My Grandpa, Ramon Padilla, was born in Brownsville, Texas in 1914. His family had come over from Mexico during the Mexican Revolution and he lived there until he was three. In 1917, Ramon and his family moved to Matamoros, Mexico. He lived with his mother, who worked many odd jobs to support their family. His uncle, a carpenter, also helped to take care of them, but the family lived in poverty. When Ramon was about 4 or 5 years old, his mother gave him a little guitar and it changed his life forever. He would walk through the neighborhood singing and strumming along on the little guitar, although he didn't really know how to play. When he was 13, his mother passed away and he lived with his grandmother and uncle, going to school and helping out with the carpentry work. Around this time, Ramon had the opportunity to learn to play the guitar from a teacher in school. But he needed a proper guitar of his own. He was working in a grocery store at the time and the owner had a guitar to sell. It cost 36 pesos. So Ramon made a deal: he would take the guitar and give his boss a peso a week until it was paid off. After about 6 weeks of this arrangement, the owner asked Ramon to show him what he had learned to play so far. After Ramon played for him, his boss was so impressed that he told him he could have the guitar for free. It was already plain to see that Ramon was talented and passionate about music. From the ages of 14 - 19, Ramon experienced what he described as "many adventures." It was during the time of the Great Depression and he dropped out of school to earn money for his family. He picked crops as a migrant worker and joined a traveling troupe, singing and playing his guitar. When he was 18, he went down to Mexico City to take a test, certifying him as a high school graduate. After that he attended the National Conservatory of Music in Mexico City, where he studied for three years. He taught himself English by reading books, and he eventually ended up in Pittsburgh, PA where he attended the Pittsburgh Musical Institute.
At 24, Ramon was drafted into the Army and went overseas to fight during World War II. He deciphered Morse code, was a short order cook, and performed as a bugle boy. During this time, he met my Grandma, Gloria, through mutual friends and they were married in 1944. Ramon went back overseas until 1946 when he returned to Pittsburgh to live with Gloria, her sister Rose, and their mother. They ran a hotel of sorts, taking in boarders to earn money, and Ramon resumed his life as a musician. He supported his growing family by traveling to Chicago, New York, Texas, and Florida. He performed solo and in various bands, singing, and playing the guitar, piano, and accordion.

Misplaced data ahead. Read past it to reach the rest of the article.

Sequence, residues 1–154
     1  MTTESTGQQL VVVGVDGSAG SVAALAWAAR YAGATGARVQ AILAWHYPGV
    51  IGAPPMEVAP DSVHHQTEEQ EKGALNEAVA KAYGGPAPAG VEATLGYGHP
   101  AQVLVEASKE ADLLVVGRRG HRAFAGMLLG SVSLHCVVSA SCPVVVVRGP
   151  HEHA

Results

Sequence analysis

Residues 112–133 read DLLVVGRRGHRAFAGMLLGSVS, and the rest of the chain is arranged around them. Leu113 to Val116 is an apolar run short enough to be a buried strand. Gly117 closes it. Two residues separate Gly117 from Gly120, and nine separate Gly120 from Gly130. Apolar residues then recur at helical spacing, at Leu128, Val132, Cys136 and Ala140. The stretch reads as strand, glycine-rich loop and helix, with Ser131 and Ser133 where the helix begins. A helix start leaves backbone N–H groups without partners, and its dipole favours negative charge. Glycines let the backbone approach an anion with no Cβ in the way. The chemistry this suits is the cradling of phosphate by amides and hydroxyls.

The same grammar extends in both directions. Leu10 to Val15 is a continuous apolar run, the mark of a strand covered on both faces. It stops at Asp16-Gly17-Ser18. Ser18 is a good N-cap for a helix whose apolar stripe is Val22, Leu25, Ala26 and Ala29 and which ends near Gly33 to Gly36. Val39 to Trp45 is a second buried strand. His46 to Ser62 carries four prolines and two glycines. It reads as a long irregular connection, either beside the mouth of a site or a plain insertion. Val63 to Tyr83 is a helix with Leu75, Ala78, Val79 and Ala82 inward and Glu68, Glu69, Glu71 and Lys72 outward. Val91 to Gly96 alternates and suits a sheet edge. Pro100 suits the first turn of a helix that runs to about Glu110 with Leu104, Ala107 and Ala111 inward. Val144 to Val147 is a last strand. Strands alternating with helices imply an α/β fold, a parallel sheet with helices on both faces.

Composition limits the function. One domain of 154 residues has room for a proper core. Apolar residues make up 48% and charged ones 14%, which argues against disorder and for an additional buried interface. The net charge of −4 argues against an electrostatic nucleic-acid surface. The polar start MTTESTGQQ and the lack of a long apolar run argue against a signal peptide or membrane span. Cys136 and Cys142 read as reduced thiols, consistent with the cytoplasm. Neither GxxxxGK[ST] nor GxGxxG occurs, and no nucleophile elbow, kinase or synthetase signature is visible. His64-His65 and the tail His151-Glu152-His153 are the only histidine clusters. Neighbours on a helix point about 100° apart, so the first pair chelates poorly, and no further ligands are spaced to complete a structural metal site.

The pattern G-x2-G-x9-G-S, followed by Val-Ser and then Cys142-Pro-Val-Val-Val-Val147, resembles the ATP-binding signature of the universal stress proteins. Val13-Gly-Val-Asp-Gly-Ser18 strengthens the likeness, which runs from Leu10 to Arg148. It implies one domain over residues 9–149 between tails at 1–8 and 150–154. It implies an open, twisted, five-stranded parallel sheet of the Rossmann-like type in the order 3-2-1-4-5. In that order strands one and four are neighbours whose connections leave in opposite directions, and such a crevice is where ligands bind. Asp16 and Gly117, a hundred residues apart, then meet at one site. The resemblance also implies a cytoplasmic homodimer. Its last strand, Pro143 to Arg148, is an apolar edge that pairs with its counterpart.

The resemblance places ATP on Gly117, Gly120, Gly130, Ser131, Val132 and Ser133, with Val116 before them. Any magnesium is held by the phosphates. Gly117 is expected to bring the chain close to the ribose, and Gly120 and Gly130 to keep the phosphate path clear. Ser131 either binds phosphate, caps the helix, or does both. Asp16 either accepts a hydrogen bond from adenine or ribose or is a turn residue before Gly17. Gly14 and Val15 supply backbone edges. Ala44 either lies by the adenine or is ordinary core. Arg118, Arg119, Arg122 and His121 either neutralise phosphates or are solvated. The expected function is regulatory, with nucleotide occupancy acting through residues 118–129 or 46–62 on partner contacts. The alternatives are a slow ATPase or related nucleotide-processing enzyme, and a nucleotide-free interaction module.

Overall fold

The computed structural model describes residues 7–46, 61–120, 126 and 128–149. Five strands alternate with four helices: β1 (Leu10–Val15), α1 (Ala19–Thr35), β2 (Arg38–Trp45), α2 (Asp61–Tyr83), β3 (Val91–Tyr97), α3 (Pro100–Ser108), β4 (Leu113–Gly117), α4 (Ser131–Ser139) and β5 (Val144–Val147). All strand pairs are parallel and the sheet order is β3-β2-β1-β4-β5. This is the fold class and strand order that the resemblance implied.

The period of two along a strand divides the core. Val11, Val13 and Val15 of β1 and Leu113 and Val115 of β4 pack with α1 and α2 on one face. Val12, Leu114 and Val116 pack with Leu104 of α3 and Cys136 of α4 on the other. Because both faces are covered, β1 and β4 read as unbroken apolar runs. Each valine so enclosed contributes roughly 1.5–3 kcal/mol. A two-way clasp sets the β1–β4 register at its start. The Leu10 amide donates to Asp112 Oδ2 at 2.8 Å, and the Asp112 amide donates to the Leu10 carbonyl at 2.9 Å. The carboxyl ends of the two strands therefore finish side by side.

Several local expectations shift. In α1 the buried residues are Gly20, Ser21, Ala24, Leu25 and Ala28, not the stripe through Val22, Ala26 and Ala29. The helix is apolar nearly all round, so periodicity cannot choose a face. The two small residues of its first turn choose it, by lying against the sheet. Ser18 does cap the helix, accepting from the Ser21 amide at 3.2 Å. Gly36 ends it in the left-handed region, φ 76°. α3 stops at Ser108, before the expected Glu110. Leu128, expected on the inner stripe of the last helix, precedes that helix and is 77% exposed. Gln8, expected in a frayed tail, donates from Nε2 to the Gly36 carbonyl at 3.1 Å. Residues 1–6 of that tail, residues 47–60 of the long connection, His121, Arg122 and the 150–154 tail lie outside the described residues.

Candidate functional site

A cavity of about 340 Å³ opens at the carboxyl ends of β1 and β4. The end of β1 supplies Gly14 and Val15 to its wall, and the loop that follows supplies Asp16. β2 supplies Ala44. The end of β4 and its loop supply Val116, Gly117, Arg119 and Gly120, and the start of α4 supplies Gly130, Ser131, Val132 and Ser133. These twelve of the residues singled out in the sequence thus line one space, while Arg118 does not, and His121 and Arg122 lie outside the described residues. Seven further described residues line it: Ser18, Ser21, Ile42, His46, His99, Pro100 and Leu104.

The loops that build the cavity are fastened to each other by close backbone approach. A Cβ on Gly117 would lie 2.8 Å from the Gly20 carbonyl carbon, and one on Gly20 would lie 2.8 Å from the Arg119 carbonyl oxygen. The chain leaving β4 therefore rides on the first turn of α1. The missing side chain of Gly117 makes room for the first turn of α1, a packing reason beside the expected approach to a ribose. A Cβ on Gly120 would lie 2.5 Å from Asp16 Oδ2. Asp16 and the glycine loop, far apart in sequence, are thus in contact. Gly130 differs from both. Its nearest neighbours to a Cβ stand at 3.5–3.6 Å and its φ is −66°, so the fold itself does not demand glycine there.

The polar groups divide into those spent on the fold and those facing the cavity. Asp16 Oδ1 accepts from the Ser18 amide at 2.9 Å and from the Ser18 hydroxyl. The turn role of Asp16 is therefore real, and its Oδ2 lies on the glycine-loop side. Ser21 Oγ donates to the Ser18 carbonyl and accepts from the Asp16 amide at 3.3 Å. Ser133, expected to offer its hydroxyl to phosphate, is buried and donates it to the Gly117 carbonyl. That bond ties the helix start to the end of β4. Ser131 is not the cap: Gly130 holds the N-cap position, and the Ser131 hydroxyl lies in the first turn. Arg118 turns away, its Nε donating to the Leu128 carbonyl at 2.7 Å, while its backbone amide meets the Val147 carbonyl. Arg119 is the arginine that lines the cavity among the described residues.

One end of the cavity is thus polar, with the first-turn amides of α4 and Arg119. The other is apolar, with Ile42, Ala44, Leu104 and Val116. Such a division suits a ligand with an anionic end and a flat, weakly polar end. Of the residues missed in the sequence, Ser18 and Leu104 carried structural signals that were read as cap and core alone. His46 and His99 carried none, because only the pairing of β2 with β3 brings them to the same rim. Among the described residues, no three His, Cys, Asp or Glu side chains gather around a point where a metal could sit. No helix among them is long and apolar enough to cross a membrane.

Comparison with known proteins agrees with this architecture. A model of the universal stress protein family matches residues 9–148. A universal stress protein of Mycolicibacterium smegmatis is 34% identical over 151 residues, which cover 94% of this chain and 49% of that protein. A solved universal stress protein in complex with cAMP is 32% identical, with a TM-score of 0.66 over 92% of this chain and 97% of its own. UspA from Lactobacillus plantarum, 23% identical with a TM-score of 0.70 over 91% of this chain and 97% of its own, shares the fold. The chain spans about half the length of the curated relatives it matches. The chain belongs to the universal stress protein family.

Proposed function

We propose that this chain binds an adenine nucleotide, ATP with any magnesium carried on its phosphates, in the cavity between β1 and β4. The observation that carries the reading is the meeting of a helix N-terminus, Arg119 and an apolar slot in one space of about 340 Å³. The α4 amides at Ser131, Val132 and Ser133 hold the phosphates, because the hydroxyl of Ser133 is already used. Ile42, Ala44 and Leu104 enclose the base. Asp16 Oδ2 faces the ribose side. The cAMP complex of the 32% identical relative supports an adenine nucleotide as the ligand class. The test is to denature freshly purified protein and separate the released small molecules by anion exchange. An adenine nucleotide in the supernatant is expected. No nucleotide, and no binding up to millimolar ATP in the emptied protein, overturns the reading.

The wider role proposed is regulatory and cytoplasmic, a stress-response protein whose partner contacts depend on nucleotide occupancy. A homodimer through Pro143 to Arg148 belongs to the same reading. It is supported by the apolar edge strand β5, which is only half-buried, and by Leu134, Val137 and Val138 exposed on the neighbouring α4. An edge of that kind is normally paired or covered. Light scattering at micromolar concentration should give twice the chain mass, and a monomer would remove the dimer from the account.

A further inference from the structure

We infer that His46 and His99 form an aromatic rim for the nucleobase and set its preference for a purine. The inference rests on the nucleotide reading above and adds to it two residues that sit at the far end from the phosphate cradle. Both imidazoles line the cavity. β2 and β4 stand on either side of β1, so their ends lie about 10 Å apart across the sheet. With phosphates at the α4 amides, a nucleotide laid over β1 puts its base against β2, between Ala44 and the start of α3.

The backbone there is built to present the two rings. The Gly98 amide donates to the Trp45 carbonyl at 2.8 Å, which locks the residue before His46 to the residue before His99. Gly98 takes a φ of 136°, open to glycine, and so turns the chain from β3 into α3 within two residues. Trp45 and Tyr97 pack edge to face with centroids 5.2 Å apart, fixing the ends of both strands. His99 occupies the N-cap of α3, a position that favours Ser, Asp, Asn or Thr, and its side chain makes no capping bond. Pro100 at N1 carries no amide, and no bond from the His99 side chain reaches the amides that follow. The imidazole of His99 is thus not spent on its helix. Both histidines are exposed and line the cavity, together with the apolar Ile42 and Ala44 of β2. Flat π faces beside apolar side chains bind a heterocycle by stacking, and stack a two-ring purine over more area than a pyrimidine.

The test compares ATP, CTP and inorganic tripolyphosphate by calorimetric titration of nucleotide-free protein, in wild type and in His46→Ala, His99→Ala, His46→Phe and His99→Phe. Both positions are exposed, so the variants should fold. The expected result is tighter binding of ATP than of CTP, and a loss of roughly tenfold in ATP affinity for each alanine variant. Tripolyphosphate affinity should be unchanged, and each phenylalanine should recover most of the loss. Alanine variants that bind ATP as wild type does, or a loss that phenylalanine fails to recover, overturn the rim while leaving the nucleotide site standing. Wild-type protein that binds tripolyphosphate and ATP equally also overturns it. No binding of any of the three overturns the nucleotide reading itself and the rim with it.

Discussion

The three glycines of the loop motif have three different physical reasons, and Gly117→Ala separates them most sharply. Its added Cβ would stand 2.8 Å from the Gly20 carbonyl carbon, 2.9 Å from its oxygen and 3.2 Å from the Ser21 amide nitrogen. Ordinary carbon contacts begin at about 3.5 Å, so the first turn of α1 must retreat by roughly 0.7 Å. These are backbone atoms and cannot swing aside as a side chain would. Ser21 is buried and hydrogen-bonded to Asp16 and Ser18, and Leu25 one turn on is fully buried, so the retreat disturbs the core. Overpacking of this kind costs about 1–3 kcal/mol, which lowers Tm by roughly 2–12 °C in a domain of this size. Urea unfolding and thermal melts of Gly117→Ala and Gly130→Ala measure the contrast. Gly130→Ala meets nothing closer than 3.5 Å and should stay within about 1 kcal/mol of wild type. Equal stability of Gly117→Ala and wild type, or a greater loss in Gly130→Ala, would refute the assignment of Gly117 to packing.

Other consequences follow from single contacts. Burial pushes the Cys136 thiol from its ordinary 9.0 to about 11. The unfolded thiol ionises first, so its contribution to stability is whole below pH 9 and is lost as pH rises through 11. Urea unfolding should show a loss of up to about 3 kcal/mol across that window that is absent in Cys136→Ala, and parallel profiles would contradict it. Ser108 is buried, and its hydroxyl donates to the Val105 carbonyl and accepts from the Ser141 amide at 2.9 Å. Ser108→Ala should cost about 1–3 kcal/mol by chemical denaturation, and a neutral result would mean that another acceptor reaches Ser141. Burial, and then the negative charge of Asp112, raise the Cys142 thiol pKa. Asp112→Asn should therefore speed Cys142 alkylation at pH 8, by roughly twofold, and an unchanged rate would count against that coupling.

Music was his true passion in life. Not many people can say that they spent their life earning a living doing what they love, but that's what Ramon did. He never went anywhere without his guitar and nearly all my memories of him involve him playing and singing. He would entertain my sister and me with classical songs like "Malagueña", and more whimsical songs like "El Paso" and "La Bamba." For every birthday, he would play and sing - first "Happy Birthday" and then "Feliz Cumpleaños." I remember visiting their condo in Florida every summer and sneaking to the back patio, where he kept all of his guitars and music stands. He practiced his music every single day of his life until his stroke in 1999.
He was a caring and loving Grandpa. I have many fond memories of going to the little park near their home in Florida to feed ducks. Whenever we got together, we would make homemade tortillas. I loved watching him roll out the dough to paper thin discs and then cook them on the griddle. We'd eat them fresh and warm, slathered with butter. To this day, they're the best tortillas I've ever had.
My love of foreign culture and language comes from him. Growing up in a small town in Ohio, I loved watching him prepare "exotic" foods like tamales and guacamole. I loved to listen to him speak Spanish, giggling at his nickname for me, flaquita. Because of him, I've always had a desire to learn foreign languages, to travel to distant lands and have adventures like him. And I can't think of better passion to pass onto my daughter. When I was young, my Grandpa gave me a little guitar to play along with him. It was one of those little guitars that you can probably get anywhere these days, but it was very special to me. I still have it, packed away safely with the rest of our belongings back in the U.S. Someday I hope to place the little guitar in Ramona's room. I'll tell her all about her Great-Grandpa, for who she is named. Her Great-Grandpa who overcame poverty and discrimination to create a life and a family in the U.S. Her Great-Grandpa would have sang her songs and taught her to make tortillas. Her own personal Guardian Angel.